¶ 150). On July 9, 2010, Banco Popular filed a motion
for default and entry of judgment of foreclosure and sale,
which it scheduled for presentment on July 21, 2010; the
motion represented that Gonzalez and Momo had been served but
that they had not filed a responsive pleading. (Id.
¶ 152). In support of the July 9 motion for default,
Horn submitted an affidavit that alleged that Banco Popular
had in its possession a promissory note from Momo dated
August 1, 2006, for $13, 287, 000 and a promissory note from
Momo dated January 27, 2007, for $680, 000. (Id.
¶ 154). On July 21, 2010, the Cook County Circuit Court
entered an order of default and a default judgment of
foreclosure and sale in the amount of $680, 000 against
Gonzalez and Momo. (Id. ¶ 155). A judicial sale
of the commercial condominium was scheduled for August 30,
2010. (Id. ¶ 156).
certificate of publication and notice of sale at public
auction for the commercial condominium, Banco Popular used
the 044 PIN instead of the 071 PIN, used the incorrect legal
description, failed to use the unit number, and failed to
list substantial improvements to the commercial condominium.
(Id. ¶¶ 158a-e). Banco Popular also
refused to allow inspection of the commercial condominium
prior to the judicial sale. (Id. ¶ 158f).
Plaintiffs allege that these omissions were meant to suppress
competitive bidding on the commercial condominium.
(Id. ¶¶ 158, 162).
August 30, 2010, Banco Popular successfully bid on the
commercial condominium and was granted a certificate of sale.
(Id. ¶ 163). Banco Popular purchased the
commercial condominium for $441, 600, where the estimated
fair market value of the property was $2, 000, 000.
(Id. ¶ 163). Banco Popular filed a motion to
appoint Zucker as the receiver for the commercial
condominium, which was rescheduled for presentment on
September 14, 2010, (Id. ¶ 165a), which date
coincided with a motion in the first suit and a motion for
default in the third suit. (Id. ¶¶ 165b,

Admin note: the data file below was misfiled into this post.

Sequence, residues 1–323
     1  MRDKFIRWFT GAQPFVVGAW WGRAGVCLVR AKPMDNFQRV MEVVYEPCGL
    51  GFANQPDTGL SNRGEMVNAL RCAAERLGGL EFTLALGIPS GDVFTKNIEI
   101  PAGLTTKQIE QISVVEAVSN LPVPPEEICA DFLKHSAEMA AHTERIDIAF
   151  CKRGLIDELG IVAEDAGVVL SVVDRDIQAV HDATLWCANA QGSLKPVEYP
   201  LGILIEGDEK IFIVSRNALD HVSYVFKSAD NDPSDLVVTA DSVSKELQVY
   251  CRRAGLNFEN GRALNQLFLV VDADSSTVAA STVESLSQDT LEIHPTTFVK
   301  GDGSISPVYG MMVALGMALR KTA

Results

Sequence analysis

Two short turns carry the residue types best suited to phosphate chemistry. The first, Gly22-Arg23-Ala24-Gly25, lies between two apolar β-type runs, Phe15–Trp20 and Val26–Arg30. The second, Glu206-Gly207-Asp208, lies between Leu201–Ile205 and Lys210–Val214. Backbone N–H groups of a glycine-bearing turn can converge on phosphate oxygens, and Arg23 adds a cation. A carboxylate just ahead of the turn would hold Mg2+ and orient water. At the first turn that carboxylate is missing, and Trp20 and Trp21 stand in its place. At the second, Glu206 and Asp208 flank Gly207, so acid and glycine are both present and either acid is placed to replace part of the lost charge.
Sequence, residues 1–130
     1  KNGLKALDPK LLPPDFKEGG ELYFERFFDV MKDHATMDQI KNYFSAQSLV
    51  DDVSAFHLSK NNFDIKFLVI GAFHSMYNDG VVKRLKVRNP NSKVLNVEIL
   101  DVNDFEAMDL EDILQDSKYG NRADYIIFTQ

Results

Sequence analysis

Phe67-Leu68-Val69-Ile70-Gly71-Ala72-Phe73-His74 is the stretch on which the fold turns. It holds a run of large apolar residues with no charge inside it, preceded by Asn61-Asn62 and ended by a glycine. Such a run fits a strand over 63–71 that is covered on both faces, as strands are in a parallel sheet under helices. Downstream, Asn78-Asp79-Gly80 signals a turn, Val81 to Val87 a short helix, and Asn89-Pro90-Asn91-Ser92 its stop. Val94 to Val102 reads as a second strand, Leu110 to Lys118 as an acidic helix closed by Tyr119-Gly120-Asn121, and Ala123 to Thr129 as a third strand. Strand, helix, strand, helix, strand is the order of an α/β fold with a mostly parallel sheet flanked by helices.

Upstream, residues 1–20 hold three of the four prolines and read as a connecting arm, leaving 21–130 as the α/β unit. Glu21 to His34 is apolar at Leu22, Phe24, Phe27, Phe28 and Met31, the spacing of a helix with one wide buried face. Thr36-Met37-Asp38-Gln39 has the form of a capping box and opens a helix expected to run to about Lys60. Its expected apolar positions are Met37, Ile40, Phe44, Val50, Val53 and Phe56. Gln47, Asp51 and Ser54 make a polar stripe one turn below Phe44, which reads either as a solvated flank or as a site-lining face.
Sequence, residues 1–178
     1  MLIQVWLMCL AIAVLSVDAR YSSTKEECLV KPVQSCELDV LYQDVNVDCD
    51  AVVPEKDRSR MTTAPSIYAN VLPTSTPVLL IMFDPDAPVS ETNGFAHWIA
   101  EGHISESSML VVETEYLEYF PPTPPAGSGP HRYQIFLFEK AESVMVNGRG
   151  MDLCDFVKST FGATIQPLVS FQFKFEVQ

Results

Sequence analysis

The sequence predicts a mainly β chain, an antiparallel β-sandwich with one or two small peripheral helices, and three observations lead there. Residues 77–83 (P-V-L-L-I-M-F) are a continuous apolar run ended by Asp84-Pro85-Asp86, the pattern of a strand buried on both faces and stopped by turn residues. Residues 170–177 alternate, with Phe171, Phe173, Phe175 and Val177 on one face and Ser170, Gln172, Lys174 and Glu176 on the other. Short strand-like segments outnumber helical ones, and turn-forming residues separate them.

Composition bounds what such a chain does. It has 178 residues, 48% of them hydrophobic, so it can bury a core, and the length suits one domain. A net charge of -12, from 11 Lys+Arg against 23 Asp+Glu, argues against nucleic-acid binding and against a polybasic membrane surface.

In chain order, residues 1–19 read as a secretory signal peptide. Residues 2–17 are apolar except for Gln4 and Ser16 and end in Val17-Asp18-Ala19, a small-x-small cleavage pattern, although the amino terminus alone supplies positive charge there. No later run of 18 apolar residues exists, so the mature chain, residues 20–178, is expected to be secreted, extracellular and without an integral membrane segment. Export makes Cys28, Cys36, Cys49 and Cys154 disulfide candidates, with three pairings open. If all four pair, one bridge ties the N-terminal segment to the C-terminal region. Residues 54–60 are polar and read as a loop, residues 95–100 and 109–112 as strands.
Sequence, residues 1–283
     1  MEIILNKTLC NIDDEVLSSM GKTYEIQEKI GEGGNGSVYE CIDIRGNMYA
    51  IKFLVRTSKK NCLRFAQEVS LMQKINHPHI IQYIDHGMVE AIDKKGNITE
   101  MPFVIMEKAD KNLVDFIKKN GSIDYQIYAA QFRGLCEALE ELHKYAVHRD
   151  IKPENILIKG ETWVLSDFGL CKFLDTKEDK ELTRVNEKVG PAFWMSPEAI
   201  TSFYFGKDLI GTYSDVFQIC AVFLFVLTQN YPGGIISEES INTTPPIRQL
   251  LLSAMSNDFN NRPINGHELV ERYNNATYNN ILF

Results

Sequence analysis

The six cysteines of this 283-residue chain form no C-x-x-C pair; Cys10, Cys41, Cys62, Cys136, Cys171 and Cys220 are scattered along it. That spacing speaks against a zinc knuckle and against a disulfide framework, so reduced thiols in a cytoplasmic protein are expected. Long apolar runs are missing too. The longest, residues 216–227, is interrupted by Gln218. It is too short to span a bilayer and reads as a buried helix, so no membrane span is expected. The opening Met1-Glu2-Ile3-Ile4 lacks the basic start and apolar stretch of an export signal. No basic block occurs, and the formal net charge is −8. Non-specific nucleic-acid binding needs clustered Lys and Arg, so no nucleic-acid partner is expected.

c). During the receivership hearing, Banco Popular
represented to the court that Gonzalez and Momo owed the City
of Chicago $17, 000 for water bills, which Plaintiffs claim
was a fraudulent representation. (Id. ¶ 166).
Zucker was appointed as receiver for the commercial
condominium. (Id. ¶ 169).
December 9, 2010, Banco Popular presented a motion for order
approving report of sale and distribution and for an entry of
deficiency judgment. (Id. ¶ 173) Banco Popular
obtained an order approving the report of sale and
distribution. (Id. ¶ 174). On December 10,
2010, Banco Popular was granted the judicial sale deed for
the commercial condominium. (Id. ¶ 175). The
sale deed, however, was executed for the 044 PIN.
(Id. ¶ 176). Banco Popular allegedly crossed
out the 044 PIN and added the 071 PIN on the judicial sale
deed sometime between December 10 and December 15, 2010.
(Id. ¶ 177).
January 6, 2011, Zucker, on behalf of Banco Popular, served
Plaza Lounge with a landlord's five-day notice pursuant
to the terms of the commercial condominium lease.
(Id. ¶¶ 180, 181). On January 10, 2011,
Plaza Lounge tendered, and Banco Popular accepted,
outstanding rent it owed. (Id. ¶ 183). On
January 31, 2011, Banco Popular filed a petition for an order
of possession of the commercial condominium against Plaza
Lounge. (Id. ¶ 186). On April 6, 2011, Gonzalez
filed an opposition to this motion, which detailed the
alleged “unlawful acts” being committed in
furtherance of the conspiracy to defraud Gonzalez of the
commercial condominium. (Id. ¶ 234). On June
24, 2011, Banco Popular pursued and obtained a deficiency
judgment against Gonzalez and Momo for the full amount of the
mortgage debt and a citation to discover assets was issued.
(Id. ¶ 236). Despite making monthly lease